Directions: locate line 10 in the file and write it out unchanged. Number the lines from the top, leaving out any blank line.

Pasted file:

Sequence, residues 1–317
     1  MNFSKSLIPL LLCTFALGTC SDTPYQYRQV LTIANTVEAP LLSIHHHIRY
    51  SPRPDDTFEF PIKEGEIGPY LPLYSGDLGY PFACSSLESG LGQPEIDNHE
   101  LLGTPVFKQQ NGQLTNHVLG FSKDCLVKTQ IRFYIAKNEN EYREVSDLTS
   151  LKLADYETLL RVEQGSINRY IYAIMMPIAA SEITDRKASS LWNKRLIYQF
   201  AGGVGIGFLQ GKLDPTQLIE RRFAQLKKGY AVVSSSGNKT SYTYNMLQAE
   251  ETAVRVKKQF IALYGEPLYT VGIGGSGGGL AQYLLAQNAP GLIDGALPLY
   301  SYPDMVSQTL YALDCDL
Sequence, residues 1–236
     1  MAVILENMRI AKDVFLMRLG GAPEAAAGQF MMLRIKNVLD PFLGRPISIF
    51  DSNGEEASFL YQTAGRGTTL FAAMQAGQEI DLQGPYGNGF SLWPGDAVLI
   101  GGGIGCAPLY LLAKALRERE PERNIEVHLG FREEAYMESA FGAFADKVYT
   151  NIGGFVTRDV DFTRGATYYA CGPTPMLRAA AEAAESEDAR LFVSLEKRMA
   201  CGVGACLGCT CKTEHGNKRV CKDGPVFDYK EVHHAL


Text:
     1  MAVILENMRI AKDVFLMRLG GAPEAAAGQF MMLRIKNVLD PFLGRPISIF